Yes, I am quite sure there will be lawsuits for psychological problems from such a traumatic event and for some, like those close to the woman who was killed, it would be understandable to seek compensation for that loss and damages. Some may end up with related health issues from the trauma, maybe lose time from work, if fly as part of their job it may limit their continued employment. I do wish in those cases that we had laws to limit compensation of attorneys. The initial payment by WN is likely to try and buy some tempering of potential lawsuits and acknowledge the immediate/short term affects from this traumatic event.
 
GalaxyFlyer
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Re: WN 1380 LGA-DAL emergency landing at PHL, 1 fatality

Fri Apr 20, 2018 6:00 pm

Good God, sue, as a surviving passenger, for PTSD? Really. Before you jump, I’ve survived a mid-air, a dozen engine shutdowns, lost many friends in accidents, so I know where I’m at here. The deceased family certainly is owed compensation as are any injured. But, trying to show a profit for a 25 minute flight is a bit much.

I always like Cactus 1549 passengers who tried to make it back LGA for the last flight to their destinations.

GF
 
wjcandee
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Re: WN 1380 LGA-DAL emergency landing at PHL, 1 fatality

Fri Apr 20, 2018 6:02 pm

Regarding the renewed discussion of who was flying and why (which was covered earlier):

First, the CA is the CA, and she can divvy up the cockpit responsibilities as she sees fit in an emergency.

Second, many airlines, including AA, recommend that in the initial phases of an emergency, the CA have the FO fly, while the CA makes decisions, communicates with ATC, Company, Crew, etc., and plans next steps. However, depending on the situation, see #1 above. (In the Air France accident, for example, there was a point at which that CA probably should have gotten on the controls since the aircraft wasn't behaving as expected. Had he done so, and cutoff the guy in the right seat's sidestick, most likely no accident. In the United 747 incident on takeoff at SFO, same thing; had that CA got on the controls earlier, he would have realized that the FO was doing it all wrong and creating most of their problems; had he not eventually taken control, the aircraft would certainly have crashed. Sullenberger, in an obviously-critical dual-engine-out situation, immediately took the controls and put the FO on attempting to restart the engines while he, as CA, flew and communicated directly with ATC. )

Third, what actually happened in this incident was that the FO was flying the leg when the incident occurred. Probably because he seemed comfortable on the controls, and the aircraft was doing what she expected with him flying, she left him on the controls and proceeded to manage the incident. She took control on final approach to execute the high-speed, single-engine landing, where her presumably-superior flying skills might be necessary. And she greased it, apparently.

That seems like very-effective CRM.

Had the airplane been super-squirrely, or if the FO wasn't getting it done, it's her command, and she likely would have adjusted the responsibilities and taken the controls. Not for nuthin', but she had been an instructor-pilot (as a lot of pilots have been at one point in their career), so likely had developed a pretty-good understanding of and comfort with monitoring another pilot in challenging situations. Maybe that helped or affected her decisions on this; maybe it didn't.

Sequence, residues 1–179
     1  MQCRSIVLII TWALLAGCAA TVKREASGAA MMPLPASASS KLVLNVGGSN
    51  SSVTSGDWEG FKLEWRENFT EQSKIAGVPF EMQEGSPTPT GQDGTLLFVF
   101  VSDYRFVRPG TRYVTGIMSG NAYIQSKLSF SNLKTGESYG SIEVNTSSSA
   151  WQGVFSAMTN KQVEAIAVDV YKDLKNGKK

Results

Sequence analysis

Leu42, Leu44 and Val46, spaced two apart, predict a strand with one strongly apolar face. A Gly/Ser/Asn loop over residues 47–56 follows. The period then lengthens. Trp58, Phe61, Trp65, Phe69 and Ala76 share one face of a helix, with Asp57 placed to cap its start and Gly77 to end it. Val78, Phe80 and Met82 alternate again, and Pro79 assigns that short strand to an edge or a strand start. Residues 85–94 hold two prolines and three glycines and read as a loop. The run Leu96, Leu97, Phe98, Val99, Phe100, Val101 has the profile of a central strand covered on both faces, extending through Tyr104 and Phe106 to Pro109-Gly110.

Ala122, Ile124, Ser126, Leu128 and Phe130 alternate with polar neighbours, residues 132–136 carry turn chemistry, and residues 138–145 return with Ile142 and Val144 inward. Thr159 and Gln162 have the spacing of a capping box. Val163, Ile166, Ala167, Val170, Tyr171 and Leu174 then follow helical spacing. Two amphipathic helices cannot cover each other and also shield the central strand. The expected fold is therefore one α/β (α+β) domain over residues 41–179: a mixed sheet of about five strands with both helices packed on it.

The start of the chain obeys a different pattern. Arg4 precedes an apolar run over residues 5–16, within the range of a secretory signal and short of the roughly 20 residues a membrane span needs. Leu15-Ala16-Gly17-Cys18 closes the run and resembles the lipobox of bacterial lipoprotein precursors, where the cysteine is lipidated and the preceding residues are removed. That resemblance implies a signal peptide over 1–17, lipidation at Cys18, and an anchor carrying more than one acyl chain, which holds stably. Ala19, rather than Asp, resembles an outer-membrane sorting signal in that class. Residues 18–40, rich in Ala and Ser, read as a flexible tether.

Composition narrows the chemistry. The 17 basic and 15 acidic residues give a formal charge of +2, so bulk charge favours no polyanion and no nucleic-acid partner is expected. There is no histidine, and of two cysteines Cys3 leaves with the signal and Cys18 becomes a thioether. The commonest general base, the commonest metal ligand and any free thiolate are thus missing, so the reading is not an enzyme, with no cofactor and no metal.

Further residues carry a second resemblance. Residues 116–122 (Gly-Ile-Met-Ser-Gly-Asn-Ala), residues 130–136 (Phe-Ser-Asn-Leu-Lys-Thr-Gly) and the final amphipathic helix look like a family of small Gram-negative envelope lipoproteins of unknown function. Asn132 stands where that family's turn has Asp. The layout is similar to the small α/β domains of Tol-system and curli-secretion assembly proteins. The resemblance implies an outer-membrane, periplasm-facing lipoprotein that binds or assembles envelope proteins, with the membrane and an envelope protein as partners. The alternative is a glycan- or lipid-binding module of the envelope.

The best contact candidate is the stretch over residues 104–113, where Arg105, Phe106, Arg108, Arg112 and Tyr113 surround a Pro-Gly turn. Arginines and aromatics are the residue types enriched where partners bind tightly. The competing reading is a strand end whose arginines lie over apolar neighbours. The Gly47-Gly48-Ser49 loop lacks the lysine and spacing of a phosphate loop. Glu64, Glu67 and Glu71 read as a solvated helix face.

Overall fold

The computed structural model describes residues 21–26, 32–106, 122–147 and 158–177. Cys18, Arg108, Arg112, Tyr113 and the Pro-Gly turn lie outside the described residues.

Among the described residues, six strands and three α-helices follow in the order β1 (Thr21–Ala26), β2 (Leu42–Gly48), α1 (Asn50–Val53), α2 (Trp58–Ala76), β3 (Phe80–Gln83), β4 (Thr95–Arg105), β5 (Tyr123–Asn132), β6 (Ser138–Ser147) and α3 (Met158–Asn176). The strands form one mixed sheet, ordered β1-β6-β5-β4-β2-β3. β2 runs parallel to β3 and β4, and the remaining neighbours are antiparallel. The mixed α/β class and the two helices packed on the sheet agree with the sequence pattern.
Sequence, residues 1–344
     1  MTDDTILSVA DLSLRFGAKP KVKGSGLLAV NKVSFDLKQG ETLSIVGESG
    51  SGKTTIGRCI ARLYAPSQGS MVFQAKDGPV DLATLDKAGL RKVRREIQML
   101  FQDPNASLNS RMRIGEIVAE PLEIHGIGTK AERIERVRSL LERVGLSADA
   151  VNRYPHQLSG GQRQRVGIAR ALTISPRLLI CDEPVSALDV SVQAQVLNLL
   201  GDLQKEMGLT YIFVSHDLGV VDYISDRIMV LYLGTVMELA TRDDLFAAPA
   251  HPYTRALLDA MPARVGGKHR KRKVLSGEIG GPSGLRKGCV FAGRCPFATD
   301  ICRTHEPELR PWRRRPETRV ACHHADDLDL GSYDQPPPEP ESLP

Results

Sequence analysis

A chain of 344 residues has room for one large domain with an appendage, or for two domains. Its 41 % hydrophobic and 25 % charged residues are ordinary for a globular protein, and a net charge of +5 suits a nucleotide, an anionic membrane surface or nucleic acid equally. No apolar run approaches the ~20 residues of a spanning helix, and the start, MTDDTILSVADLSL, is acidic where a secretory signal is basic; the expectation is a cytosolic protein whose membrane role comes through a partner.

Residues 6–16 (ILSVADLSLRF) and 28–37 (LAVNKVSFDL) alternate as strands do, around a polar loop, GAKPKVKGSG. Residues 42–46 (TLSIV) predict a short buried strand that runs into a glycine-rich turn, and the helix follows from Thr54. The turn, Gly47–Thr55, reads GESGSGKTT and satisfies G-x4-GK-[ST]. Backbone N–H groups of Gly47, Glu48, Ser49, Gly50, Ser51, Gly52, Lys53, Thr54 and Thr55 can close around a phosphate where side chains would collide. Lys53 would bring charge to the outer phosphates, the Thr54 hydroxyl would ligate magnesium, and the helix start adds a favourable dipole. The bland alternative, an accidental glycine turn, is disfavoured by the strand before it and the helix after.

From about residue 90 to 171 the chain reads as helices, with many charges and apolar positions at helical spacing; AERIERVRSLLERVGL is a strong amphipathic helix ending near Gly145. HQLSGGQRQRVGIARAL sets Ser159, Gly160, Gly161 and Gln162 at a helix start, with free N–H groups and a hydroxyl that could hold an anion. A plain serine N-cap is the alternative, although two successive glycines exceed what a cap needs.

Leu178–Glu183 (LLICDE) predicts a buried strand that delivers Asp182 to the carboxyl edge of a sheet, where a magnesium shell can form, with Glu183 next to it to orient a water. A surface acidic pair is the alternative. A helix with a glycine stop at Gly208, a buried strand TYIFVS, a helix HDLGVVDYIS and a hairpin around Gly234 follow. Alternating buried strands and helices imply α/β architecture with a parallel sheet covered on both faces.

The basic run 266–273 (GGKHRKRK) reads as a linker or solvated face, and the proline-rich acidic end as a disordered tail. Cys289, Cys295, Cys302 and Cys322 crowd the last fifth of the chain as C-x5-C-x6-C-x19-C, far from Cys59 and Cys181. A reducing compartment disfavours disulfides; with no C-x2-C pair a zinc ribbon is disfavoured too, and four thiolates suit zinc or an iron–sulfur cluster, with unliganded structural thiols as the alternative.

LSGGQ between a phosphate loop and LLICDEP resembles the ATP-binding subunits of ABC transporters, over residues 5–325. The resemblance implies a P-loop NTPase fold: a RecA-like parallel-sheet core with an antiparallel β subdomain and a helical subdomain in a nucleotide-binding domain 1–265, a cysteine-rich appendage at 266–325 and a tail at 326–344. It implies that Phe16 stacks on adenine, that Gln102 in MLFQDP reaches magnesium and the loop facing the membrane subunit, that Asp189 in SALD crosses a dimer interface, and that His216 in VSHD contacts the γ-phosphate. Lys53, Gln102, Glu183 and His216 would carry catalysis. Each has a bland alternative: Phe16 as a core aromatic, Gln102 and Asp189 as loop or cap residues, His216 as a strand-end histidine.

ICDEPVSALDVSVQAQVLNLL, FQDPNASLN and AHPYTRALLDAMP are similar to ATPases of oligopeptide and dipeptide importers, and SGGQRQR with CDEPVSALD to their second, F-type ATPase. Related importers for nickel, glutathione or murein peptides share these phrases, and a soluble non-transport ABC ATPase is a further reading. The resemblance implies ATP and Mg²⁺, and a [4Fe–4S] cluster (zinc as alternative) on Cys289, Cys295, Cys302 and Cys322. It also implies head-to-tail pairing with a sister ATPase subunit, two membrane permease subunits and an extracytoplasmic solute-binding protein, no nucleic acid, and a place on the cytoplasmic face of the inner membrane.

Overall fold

And, as a last thought: Yes, the FO is "perfectly capable" of flying the aircraft in the course of an emergency. That doesn't mean that FO is going to do it correctly/sufficiently when things start going bad. What we do know is that there are plenty of instances in the annals of emergencies where the FO doesn't get things right, including a couple I mention above. There are also many captains who have screwed up the flying during emergencies, with the rest of the crew either screaming at them or sitting there silently -- a big impetus for CRM. The bottom line is that you don't know how people are going to act in a full-bore emergency until it happens, and it is the responsibility of the whole crew, with the CA as final authority, to best allocate tasks based on how people are responding, and to reallocate if necessary.
Last edited by wjcandee on Fri Apr 20, 2018 6:14 pm, edited 1 time in total.
 
ubeema
Posts: 367
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Re: WN 1380 LGA-DAL emergency landing at PHL, 1 fatality

Fri Apr 20, 2018 6:11 pm

cat3appr50 wrote:
Not taking away from any deserved accolades to the Captain in this incident regarding performance, etc. but it doesn't seem many accolades are coming the F.O.'s way, which IMO there should be. Engine failure, followed by pressurization failure, damage to the aircraft and left wing, injuries on board...imagine for one second handling all of this with just one pilot in the cockpit.

There were two pilots in that cockpit, and each were equally instrumental in this great and positive outcome. Just saying, would like to see more accolades coming to the F.O. as well (and that includes when the media does interviews it would seem appropriate that the F.O. should be there as well).

Captain Sully Sullenberger personally made sure that there were accolades coming F.O. Jeff Skile's way as well regarding the USAir 1549 Hudson River ditching incident...he, in graciousness and one of the best airline Captains around, fully understood in what they were faced with that it was ultimately the result of two great pilots performance working together resulting in that great outcome. It's a team. Just my opinion.

Like too many others have done before you, If you disagree with the media coverage regarding both pilots you should take it to them directly not on this thread.
What’s important Southwest released a statement from both pilots 2 days ago
https://mobile.twitter.com/southwestair ... 51232?s=21